Dearth of Gaelic Culture in Galway's St. Patrick's Day Parade

Copy of my letter that was printed in the Galway Independent newspaper

This year's St Patrick's Day Parade was a great success at many different levels. The welcome return of the school bands, the pageantry, the huge friendly crowds and, of course, the fine weather made for an enjoyable afternoon.

So well done to the organisers!
But there was a surprising dearth of traditional Irish music, dance and drama in the event that was commented on by locals and tourists alike. Visitors were treated to a wonderful eclectic mix of African singers, Chinese dancers, Scottish pipers, American cops, Indian fashion, Hare Krishna chants and smiling flag wavers from new Christian groups that reached a finale in a fine display of Breton folk music in front of the official review stand.

But, in a Galway city/county that prides itself on being the cultural capital of Ireland, that is promoted as the custodian of so many aspects of Gaelic culture and is the birthplace of the sean-nos dancing Mulkerrin Brothers who won the 'All-Ireland Talent Competition' only two days previously, there is something seriously wrong when Gaelic culture finds so little expression in our annual national parade.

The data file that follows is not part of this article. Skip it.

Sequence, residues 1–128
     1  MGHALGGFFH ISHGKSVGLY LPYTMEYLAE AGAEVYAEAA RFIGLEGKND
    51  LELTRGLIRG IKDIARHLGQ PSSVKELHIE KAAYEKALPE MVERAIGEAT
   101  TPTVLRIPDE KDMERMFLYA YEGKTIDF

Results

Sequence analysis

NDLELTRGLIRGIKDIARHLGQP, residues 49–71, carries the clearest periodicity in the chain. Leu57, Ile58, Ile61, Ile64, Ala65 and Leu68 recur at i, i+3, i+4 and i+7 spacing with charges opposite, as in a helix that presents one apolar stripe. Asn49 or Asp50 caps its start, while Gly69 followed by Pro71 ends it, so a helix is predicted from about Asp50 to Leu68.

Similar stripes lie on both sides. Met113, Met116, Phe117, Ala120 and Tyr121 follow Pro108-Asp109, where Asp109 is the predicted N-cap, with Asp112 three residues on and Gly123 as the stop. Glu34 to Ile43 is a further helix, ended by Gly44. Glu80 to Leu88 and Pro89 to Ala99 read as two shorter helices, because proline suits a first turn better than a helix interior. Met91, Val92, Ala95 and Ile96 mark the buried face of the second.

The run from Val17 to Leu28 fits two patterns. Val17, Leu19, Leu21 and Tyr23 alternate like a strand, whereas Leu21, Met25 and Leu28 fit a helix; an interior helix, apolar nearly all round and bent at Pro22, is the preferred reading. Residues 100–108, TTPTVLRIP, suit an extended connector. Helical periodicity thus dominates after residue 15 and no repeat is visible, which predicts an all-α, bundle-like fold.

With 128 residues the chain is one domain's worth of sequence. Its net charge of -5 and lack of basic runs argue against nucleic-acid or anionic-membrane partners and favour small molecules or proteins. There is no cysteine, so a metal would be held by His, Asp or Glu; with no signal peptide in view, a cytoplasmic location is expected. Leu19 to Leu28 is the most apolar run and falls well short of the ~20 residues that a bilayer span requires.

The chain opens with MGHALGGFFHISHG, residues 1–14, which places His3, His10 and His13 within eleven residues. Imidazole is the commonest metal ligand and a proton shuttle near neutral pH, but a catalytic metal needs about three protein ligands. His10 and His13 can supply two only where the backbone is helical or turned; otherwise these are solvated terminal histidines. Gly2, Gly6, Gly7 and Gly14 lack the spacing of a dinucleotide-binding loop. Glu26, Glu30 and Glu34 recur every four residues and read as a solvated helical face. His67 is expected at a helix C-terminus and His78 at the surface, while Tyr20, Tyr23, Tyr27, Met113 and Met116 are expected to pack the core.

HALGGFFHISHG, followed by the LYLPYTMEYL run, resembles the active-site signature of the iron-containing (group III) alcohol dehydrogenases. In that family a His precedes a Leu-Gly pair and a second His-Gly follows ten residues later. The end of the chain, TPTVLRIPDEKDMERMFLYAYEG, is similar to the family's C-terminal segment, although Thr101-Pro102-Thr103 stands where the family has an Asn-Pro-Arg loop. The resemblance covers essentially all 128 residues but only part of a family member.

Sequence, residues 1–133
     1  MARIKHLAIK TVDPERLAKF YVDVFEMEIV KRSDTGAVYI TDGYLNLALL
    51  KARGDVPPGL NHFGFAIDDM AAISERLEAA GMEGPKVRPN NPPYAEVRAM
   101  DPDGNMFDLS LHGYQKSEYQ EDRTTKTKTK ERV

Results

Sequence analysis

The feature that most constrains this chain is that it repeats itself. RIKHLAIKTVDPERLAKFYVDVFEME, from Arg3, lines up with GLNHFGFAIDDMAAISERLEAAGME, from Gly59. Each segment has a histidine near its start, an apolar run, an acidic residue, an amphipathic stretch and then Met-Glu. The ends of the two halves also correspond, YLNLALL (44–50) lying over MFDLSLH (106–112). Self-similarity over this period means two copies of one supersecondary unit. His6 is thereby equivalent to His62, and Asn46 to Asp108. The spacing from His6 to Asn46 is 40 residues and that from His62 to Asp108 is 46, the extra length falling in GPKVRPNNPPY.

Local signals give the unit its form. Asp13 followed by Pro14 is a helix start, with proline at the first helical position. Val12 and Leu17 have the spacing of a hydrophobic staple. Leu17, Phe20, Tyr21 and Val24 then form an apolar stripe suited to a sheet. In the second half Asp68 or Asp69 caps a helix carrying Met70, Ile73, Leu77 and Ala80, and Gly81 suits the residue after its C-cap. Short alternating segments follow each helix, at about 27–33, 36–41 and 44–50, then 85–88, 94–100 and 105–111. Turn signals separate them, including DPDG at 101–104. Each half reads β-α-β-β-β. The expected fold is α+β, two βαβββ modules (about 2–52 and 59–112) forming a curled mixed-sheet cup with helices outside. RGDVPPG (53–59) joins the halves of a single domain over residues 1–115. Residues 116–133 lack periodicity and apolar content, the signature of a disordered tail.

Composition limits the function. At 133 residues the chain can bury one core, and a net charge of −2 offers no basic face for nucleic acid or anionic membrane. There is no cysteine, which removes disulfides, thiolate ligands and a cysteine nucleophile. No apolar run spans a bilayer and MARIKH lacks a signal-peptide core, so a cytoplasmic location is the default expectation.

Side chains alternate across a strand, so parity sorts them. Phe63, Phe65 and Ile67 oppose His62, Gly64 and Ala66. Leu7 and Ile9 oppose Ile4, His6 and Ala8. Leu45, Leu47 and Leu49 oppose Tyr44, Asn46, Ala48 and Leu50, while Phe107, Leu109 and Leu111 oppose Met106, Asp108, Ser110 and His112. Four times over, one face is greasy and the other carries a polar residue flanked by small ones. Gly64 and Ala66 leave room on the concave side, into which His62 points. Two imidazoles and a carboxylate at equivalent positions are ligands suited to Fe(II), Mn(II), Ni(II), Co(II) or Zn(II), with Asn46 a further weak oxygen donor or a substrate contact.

Promoting our membership of the 'Global Village' and the ethnic traditions of recent arrivals from other lands should, of course, be encouraged, commended and continued. But it would be wrong in the process to sideline a Gaelic culture that has for millennia been that of the majority of the Irish people.

The world has an appetite for traditional Irish Celtic music, drama and dance that has only increased over the last few decades. We in Galway should not ignore this and disappoint those who travel from distant parts to take part in what they expect to be a celebration of Ireland’s heritageHaving a St Patrick's Day Parade without this cultural input is akin to the Rio de Janeiro Carnival without its Samba Schools. For centuries the parade was nurtured by our Irish diaspora in order to keep the national identity alive in a time when the indigenous population was threatened by colonisation, war, oppression, famine and poverty. But participation from other ethnic groups with proud heritages is nothing new.

For instance, many Indians marched in the 1920 New York Parade that was reviewed by Eamon DeValera, some carrying large banners emblazoned with messages such as '315,000,000 of India with Ireland to the Last' and 'President De Valera's Message to India: Our cause is a common cause.'

I have sent a letter on this issue to the Mayor and Manager of Galway City. I also requested them to consider henceforth sending invitations to representatives of local schools, community and voluntary groups to fill the many empty seats noticeable in this year’s Review Stand as well as to lobby for the closure of the off-licences on 17 March. The public displays of urination, vomiting and verbal harassment, particularly from under-age drinkers on our streets and in our parks after the parade last Tuesday, was a frightening experience for families and others endeavouring to enjoy our national holiday.

The Renewed Enslavment of Women

Today on International Women's Day, it is sad to reflect on how little progress has been made on women's right.
If treatment of women was the litmus test of civilisation, then most countries would be judged barbaric.